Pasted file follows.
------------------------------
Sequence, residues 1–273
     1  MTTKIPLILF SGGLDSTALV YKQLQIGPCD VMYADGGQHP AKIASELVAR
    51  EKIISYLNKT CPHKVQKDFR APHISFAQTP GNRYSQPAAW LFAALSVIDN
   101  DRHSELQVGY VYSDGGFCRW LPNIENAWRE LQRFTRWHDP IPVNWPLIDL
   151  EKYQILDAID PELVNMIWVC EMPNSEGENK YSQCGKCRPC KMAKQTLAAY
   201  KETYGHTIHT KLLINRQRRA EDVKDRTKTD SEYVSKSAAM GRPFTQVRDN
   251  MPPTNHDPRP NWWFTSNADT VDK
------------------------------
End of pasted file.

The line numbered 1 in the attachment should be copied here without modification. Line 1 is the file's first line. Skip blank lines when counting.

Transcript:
Sequence, residues 1–273